Erik HeimdalEH

Automating Wordfeud

3 minute read

After playing wordfeud for a while I realized that some of the opponents were active during unusual times of the day and never responded to chat messages, suggesting they were bots. To test this theory out I made a bot myself, impersonating the terminator.

Tools used


Reverse engineering the API

After starting android studio I downloaded the wordfeud APK and signed up with a new account. I now configured frida to run on the android emulator:

I could now start Fiddler and route all data traffic through it by setting it as my proxy. By using the requests module in python I could send customized requests from there.

Note that you first have to enable "Allow remote computers to connect" in Fiddlers settings and install Fiddlers custom SSL certificate in android studio by going to computers local IP-address:8888 and downloading it from there.

Action selection algorithm

I figured a pretty good algorithm would be to always play the move that generated the most amount of points every turn. I downloaded this python library that generates a list of words and their respective points given the board (both the multipliers and the tiles) and the players rack.

Although this worked and the bot preformed quite well, the bot could sometimes get stuck with a rack of unplayable tiles. To counter this I added support for tile swapping in some cases. I also made the bot take some possible counter moves into consideration, as it would sometimes play a 20 point word that set the opponent up for a 200+ point word.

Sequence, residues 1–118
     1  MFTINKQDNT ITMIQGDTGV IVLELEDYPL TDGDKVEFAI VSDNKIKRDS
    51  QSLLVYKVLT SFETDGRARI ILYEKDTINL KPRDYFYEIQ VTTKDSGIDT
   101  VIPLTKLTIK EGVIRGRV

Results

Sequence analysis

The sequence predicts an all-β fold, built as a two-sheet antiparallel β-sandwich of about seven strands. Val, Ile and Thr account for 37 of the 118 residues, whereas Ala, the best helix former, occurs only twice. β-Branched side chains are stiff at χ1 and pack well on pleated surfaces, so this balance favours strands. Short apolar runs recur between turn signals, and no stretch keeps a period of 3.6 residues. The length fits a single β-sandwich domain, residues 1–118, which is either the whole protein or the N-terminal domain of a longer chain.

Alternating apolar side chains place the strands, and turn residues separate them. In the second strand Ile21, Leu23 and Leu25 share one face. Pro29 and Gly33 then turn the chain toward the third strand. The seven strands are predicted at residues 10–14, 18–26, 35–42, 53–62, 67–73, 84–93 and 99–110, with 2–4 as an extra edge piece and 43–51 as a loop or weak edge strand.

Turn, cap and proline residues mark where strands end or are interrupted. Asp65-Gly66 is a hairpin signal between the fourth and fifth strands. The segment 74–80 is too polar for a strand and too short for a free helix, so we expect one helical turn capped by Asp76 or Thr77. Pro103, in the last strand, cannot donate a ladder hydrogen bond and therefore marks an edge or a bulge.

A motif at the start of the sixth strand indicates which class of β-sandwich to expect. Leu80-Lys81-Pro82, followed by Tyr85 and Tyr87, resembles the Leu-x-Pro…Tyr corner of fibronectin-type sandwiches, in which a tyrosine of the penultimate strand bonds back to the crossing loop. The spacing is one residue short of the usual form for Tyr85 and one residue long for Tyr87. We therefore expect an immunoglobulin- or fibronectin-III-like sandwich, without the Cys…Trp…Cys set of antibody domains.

Here is an image of how it preforms after a few days of testing:

Statistics over 228 games. Although far from perfect, the bot largely outperforms the average player (which are really quite good).

Other features

As I had to choose a unique username and icon I thought that the terminator would be fitting, as he, just as my program, was a robot with robot like responses. I also created some triggers for chat messages to the opponent:

Game start --> "I'm back"
Bot plays high scoring word --> "He'll live."
Opponent plays high scoring word --> "Get out."
Bot victory --> "Hasta la vista, baby"
Opponent victory --> "I'll be back"
Random chat message --> "Talk to the hand."
Emoji only chat message --> "🤖"
Question mark in chat message --> "I am not authorized to answer your question."
Opponent congratulating bot in chat --> "I love you, too, sweetheart."


I had a lot of fun during this project, and I also learned more about how private APIs can be mapped effectively. If I ever become comfortable with reinforcement learning I might come back and optimize the move selection.

The bot was banned after a few weeks, but I still believe that my suspicion that some of the opponents might have been bots was correct.